Esther Jackman didn’t pretend to understand the life-style, as she called it, but always asked after their respective covens.

Whilst there are few allusions to contemporary magical-fiction, there was lots of historical context (some true and worth acknowledging, and some fabricated but also worth acknowledging). Dawson freckles her work with fragments of interesting historical snippets, about the world and witchcraft, concepts of Gaia, and a variety of religious beliefs/practices which mix into a tasty cocktail of what ‘witch-craft’ means in the world of HMRC.

Both history and future are fictions. Only the present is real. Remember that.

Whilst there are good and bad magical practices occurring within the narrative, from summoning demons, to necromancy, to helping ease the passing of dying animals – I will let you judge for yourself which you find good or bad-, the general reason for those possessing witchy-powers having been ‘given’ power in the first place, is to protect and watch over the Earth (Gaia). Much like modern Paganism (Wicca) may have been inspired by ancient belief structures and concepts regarding taking care of the earth, Dawson’s witches feel protecting over the earth, and feel power in it. And in this they can draw strength from nature and the natural world. 

Night is thickest between two and three in the morning. Dawn is hours away and no one has any honest business being awake.

Helena banked on it.

Naked and barefoot, she strode into the pasture. The sky was overcast with thin cloud and the waxing moon was oddly lilac.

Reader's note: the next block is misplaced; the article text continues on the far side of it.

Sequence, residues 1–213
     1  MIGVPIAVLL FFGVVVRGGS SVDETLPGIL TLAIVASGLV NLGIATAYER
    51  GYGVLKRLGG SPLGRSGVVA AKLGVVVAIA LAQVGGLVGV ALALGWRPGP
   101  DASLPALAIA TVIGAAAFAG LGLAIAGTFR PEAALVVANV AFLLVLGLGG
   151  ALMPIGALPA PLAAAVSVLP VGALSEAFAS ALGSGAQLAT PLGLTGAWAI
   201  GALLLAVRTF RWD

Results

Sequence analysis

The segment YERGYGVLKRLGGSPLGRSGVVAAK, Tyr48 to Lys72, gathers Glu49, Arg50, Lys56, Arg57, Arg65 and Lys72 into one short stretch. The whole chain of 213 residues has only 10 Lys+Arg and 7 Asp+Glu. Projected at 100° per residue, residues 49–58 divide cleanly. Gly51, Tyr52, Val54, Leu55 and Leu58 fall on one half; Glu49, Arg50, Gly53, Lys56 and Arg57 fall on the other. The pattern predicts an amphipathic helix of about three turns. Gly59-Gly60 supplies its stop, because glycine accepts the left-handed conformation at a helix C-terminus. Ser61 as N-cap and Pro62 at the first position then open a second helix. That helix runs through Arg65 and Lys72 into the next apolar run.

One of the most powerful aspects of Dawson’s work concerns the incredible identity journeys that take place within the story. Dawson delicately and beautifully deconstructs social constructs of gender and identity, by using magical identities (witches and warlocks) and the expectations that these types of identities carry. Whilst the narrative takes place within magical social constructs and hierarchies, very real social issues are confronted and challenged, such as Racism, Transphobia, and Homophobia, as well as exploring a plethora of problematic treatment of peoples and inclusion issues. As if being a teenager wasn’t hard enough, Dawson’s characters have got to contend with hormones, new magical powers, as well as the old coven ‘traditions,’ which were constructed before any of the feminism movements began. Those who breach constructed social boundaries in the novel are treated as more than ‘Other’ and rejected, by some of the characters, and embraced whole heartedly by others. Interestingly, Dawson chose for the High Priestess (Helen Vance) to embody all the problematic leftover attitudes of our darker ages, and she is eventually overthrown. A beautiful triumph for all the HMRC witches.

‘Helena Vance is a TERF. Why are people so fucking disappointing’

Dawson’s novel is a triumph. After a mixed-bag of a year in regards to magical realism, from the incomparable novel ‘The Atlas Six,’ by Olivie Blake, to other less successful magical novels that I will not title, I was uncertain as to what to expect for Her Majesty’s Royal Coven. I am delighted to admit that I was anything but disappointed, I did not realise this was the first novel of three until I had finished reading this one, and I was thrilled to learn another was coming. This novel stressed me out, made my heart thump, and my blood boil. However, this novel also made me smile, laugh, and engendered lots of tears (which means it packed an emotion punch). 

Juno Dawson, you have put a spell on me, bring on: HMRC: The Shadow Cabinet

 

Juno-Dawson-Her-Majestys-Royal-Coven-FEA

The post HER MAJESTY’S ROYAL COVEN by Juno Dawson (BOOK REVIEW) appeared first on The Fantasy Hive.